8. Today the Materia Medica is being further developed and refined by clinical and scientific data. Most of the research is being done in China. Each herb is listed with the flavors, properties, meridian entered, functions, clinical use, match and combinations, dosage, process precautions. The data also includes pharmacological research such as antimicrobial effect, antiviral effect, antifungal effect, effect on blood pressure, effect on smooth muscle, endocrine effect, central nervous system effect, use in gynecology, etc.
9. In 1950, China officially unified Traditional Chinese Medicine with Western Medicine; Chinese herbology has become healthcare practices in hospitals. In the late 1950's to the 1960's herbal medicine researchers continued further study the ancient texts, clinical efficacy of various diseases, structural education systems and practice standard were established.
10. In the 1970's, Traditional Chinese Medicine and Western Medicine have become dual medical system in China. China has taken the lead in researching all aspects of herbology application and clinical effects. Herbology has developed specialties on pediatric, gynecology, geriatric, orthopedics, cadiology, respirology, ear/nose/throat, gastrology, oncology, traumatology, cosmetology, dermatology, andrology, nephropathy, urology, psychology, rehabilitation, sports medicine, and so on.
11. In the last three decades, Chinese herbology has become an increasingly popular alternative therapy benefiting billions of people. It has been recognized, practiced and taught throughout the world. WFCMS (World Federation of Chinese Medicine Societies) has been founded. Currently WFCMS has 157 Chinese medicine societies in 50 countries and regions.
Chinese physicians use the following categories to classify traditional Chinese herbs:
- The Four Natures
- The Five Tastes
- The Entered Meridians
The earlier (Han through Tang eras) Ben Cao (Materia Medicae) began with a three-level categorization:
Low level -- drastic acting, toxic substances Middle level -- medicinal physiological effects High level -- health and spirit enhancement
During the neo-Confucian Song-Jin-Yuan era (10th to 12th Centuries), the theoretical framework from acupuncture theory (which was rooted in Confucian Han theory) was formally applied to herbal categorization (which was earlier more the domain of Daoist natural science). In particular, alignment with the Five Phases (Tastes) and the 12 channels (Meridians theory) came to be used after this period.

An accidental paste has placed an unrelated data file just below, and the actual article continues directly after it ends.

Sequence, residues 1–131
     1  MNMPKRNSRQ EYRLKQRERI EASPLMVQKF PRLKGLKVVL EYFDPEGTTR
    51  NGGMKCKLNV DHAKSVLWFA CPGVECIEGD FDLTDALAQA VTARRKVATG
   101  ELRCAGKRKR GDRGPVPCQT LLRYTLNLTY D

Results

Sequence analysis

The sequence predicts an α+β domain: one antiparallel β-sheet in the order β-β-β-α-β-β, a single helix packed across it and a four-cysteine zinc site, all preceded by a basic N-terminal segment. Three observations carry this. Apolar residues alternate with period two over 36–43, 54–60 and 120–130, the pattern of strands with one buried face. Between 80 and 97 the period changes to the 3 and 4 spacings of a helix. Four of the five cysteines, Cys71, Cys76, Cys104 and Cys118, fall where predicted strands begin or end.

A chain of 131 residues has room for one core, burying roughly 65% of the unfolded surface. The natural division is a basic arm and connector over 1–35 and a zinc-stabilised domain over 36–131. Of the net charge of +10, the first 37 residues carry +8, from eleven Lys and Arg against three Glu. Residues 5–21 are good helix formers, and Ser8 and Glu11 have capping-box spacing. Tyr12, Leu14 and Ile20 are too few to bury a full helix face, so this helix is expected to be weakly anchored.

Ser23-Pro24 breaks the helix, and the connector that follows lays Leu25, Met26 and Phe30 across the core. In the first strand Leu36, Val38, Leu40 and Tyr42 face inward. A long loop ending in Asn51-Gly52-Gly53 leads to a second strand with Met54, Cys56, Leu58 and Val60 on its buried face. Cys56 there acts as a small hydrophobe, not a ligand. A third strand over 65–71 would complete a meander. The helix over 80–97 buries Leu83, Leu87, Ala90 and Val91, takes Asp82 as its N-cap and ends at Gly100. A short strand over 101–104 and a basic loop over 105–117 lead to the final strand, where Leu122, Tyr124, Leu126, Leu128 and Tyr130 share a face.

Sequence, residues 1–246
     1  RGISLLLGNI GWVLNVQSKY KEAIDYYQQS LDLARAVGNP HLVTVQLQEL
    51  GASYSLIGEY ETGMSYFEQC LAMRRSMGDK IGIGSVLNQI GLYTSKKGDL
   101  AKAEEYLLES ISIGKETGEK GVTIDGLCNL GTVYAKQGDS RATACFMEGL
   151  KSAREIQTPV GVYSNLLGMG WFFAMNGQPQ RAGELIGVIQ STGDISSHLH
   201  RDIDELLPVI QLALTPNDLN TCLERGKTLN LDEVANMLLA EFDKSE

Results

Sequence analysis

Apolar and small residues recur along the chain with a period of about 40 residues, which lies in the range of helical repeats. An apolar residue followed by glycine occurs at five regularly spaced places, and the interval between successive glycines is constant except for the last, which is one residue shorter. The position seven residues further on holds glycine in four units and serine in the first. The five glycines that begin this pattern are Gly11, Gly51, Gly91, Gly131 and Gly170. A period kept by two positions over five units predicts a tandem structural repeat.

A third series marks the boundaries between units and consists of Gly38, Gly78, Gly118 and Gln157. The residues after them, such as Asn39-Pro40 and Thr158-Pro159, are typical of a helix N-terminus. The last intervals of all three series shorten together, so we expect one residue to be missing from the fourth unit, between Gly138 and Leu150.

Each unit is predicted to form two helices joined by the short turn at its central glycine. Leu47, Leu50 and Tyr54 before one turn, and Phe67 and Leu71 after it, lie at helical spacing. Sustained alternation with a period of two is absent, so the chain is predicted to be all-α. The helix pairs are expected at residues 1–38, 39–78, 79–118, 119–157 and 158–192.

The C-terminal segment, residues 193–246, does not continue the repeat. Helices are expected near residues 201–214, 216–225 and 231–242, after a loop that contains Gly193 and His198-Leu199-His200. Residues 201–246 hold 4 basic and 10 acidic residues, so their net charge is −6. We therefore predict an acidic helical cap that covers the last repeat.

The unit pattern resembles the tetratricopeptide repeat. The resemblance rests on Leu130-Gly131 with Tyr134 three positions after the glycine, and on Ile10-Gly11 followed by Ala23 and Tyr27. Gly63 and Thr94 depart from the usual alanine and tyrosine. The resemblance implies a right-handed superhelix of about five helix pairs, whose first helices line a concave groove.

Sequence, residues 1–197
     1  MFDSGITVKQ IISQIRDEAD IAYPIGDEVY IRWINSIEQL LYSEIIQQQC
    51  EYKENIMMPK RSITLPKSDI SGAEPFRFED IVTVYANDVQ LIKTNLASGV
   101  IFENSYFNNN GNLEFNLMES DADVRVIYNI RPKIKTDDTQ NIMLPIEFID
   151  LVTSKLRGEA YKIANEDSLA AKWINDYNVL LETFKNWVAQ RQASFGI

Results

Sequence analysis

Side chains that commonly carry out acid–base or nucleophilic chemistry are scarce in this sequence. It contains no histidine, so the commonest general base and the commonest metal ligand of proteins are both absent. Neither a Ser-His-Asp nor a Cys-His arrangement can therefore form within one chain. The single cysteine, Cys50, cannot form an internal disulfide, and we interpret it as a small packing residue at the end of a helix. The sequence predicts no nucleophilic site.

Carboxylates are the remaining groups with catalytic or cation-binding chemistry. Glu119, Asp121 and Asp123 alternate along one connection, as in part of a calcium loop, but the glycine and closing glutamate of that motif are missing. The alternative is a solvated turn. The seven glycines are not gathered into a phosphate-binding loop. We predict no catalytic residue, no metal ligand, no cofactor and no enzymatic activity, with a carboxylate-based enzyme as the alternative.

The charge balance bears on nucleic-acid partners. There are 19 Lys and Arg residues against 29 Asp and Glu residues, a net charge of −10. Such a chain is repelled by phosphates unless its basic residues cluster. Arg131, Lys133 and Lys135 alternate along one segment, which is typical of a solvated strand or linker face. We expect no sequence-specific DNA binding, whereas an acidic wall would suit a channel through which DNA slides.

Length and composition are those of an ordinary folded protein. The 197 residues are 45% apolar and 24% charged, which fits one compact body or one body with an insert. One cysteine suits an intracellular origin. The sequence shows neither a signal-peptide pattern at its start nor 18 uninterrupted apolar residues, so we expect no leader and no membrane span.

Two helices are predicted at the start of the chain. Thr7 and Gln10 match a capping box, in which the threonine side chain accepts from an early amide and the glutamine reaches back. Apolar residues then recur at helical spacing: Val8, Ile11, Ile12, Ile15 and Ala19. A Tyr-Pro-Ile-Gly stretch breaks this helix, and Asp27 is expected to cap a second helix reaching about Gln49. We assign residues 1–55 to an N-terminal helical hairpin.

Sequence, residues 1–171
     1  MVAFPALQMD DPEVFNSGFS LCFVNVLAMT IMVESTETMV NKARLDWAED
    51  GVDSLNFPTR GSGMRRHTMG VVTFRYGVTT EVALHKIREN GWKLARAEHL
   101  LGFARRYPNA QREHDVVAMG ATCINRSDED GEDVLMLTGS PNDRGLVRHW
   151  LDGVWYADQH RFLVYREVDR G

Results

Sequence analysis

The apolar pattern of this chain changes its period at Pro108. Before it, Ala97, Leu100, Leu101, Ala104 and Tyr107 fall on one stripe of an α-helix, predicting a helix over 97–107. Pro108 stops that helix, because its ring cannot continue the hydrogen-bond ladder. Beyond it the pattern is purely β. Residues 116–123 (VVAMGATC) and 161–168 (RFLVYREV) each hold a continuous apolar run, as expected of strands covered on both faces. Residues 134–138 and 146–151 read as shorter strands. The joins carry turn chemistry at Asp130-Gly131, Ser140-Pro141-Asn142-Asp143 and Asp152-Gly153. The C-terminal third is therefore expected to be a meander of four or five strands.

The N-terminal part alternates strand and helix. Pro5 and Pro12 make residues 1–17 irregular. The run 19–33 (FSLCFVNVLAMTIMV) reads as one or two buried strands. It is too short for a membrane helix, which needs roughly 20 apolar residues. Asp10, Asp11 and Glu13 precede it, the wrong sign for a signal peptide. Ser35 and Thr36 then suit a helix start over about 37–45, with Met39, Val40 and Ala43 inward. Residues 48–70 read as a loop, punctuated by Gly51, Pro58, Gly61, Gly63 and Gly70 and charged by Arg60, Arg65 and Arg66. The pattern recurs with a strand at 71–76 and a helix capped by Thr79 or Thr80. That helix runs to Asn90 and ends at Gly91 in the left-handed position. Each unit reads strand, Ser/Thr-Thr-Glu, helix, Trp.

The Four Natures
This pertains to the degree of yin and yang, ranging from cold (extreme yin), cool, neutral to warm and hot (extreme yang). The patient's internal balance of yin and yang is taken into account when the herbs are selected. For example, medicinal herbs of "hot", yang nature are used when the person is suffering from internal cold that requires to be purged, or when the patient has a general cold constituency. Sometimes an ingredient is added to offset the extreme effect of one herb.
The Five Tastes
The five tastes are pungent, sweet, sour, bitter and salty, each of which their functions and characteristics. For example, pungent herbs are used to generate sweat and to direct and vitalize qi and the blood. Sweet-tasting herbs often tonify or harmonize bodily systems. Some sweet-tasting herbs also exhibit a bland taste, which helps drain dampness through diuresis. Sour taste most often is astringent or consolidates, while bitter taste dispels heat, purges the bowels and gets rid of dampness by drying them out. Salty tastes soften hard masses as well as purge and open the bowels.
- Acute Bronchitis
- Chronic Bronchitis
- Bronchial Asthma
- Pulmonary Abscess
- Pulmonary Emphysema
- Pulmonary Tuberculosis
- Hypertensive Disease
- Coronary Heart Disease
- Rheumatic Heart Disease
- Pulmonary Heart Disease
- Viral Myocarditis
- Cardiac Insufficiency
- Acute Gastroenteritis
- Chronic Gastritis
- Chronic Enteritis
- Viral Hepatitis with Jaundice
- Viral Hepatitis without Jaundice
- Cirrhosis of Liver
- Hepatic Coma
- Portal Hypertension
- Biliary Ascariasis
- Intestinal Obstruction
- Urinary Calculus
- Acute Glomerulonephritis
- Chronic Glomerulonephritis
- Renal Failure
- Acute Prostatis
- Chronic Prostatis
- Aplastic Anemia
- Allergic Purpura
- Idiopathic Thrombocytopenic Purpura (ITP)
NERVOUS SYSTEM DISEASE